This system has been established in Canada on the basis of accountability and public trust. The labor union provides solid foundation for public accountability in the system by preserving jobs so workers can work in the public’s interest even when it is conflicting with the interest of their employers.
There are three entities associated with universal health care in Canada. They are:
- The government: It is a federally funded system, but it is administered separately by each of the territories and provinces. The funds go from the federal to the provincial governments and then the employers. All governments are accountable to the federal government.
- The employer: Local health care is taken care of by the regional health boards. They employ the people who deliver services to customers and clients who are part of their community. In the smaller territories and provinces, the government itself might just be the employer.
- The workers: People who provide the care and services to patients and workers who support the services like the food services workers, cleaning staff, electronic data specialists, carpenters, etc.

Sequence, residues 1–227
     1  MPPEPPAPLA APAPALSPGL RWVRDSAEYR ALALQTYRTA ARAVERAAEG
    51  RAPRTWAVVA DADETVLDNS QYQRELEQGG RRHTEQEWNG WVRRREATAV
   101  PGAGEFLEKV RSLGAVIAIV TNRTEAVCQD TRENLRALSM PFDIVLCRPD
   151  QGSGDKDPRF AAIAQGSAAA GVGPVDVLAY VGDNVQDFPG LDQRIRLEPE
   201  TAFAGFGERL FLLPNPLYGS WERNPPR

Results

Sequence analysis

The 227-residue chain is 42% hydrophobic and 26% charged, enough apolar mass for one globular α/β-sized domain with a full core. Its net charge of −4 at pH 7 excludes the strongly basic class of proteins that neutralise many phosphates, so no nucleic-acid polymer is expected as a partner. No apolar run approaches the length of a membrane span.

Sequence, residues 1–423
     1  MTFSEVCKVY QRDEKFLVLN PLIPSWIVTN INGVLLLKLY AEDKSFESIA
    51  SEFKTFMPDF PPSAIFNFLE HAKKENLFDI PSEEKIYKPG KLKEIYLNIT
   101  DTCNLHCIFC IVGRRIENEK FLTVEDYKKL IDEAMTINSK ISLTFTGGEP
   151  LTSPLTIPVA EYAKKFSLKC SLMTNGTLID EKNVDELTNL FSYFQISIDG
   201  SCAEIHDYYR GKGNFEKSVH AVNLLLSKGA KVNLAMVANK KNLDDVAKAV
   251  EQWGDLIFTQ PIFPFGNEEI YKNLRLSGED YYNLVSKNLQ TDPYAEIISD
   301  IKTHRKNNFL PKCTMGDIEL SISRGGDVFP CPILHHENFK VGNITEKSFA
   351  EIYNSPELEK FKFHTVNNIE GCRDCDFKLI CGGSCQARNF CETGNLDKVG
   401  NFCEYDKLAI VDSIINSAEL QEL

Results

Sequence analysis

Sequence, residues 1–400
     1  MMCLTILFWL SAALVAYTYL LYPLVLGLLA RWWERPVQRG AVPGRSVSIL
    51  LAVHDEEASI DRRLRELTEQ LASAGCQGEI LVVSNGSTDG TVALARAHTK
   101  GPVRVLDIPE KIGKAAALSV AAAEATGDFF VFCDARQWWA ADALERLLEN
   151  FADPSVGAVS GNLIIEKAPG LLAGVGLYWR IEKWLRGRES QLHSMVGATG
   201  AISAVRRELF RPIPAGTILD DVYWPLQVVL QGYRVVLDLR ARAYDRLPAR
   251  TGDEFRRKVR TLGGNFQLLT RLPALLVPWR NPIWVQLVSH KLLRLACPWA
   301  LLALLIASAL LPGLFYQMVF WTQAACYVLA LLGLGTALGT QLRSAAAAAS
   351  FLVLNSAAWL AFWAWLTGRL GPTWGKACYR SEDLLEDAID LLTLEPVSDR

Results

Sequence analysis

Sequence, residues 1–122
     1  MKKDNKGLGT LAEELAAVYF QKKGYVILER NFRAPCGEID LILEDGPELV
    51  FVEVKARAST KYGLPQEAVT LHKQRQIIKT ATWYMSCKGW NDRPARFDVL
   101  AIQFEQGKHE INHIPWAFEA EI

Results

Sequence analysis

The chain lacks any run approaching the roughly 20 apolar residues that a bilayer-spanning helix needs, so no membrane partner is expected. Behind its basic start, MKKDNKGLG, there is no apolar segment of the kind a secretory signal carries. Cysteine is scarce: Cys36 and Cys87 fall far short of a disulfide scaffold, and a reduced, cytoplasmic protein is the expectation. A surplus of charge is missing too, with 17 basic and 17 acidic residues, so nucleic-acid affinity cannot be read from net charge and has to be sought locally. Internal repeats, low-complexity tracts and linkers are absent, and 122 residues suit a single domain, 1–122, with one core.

There’s a self-interest which each of the entities has too:
- The government: It’s concerned with fiscal accountability and a balanced budget. This might mean raising taxes or reducing services when funds are limited. Labor laws have been passed in most provinces which restrict strikes when it comes to health care so that the public is always protected.
- The employer: The self-interest of employers is to maintain fund flow so services can be maintained. They also have self-interests in maintaining skills and education of the workforce so that services can be provided to meet challenges.
- The workers: The people work for their own interest. They all work together. There is a strong framework in place for public accountability which supports the health care system since public and self-interest aren’t compatible all the time.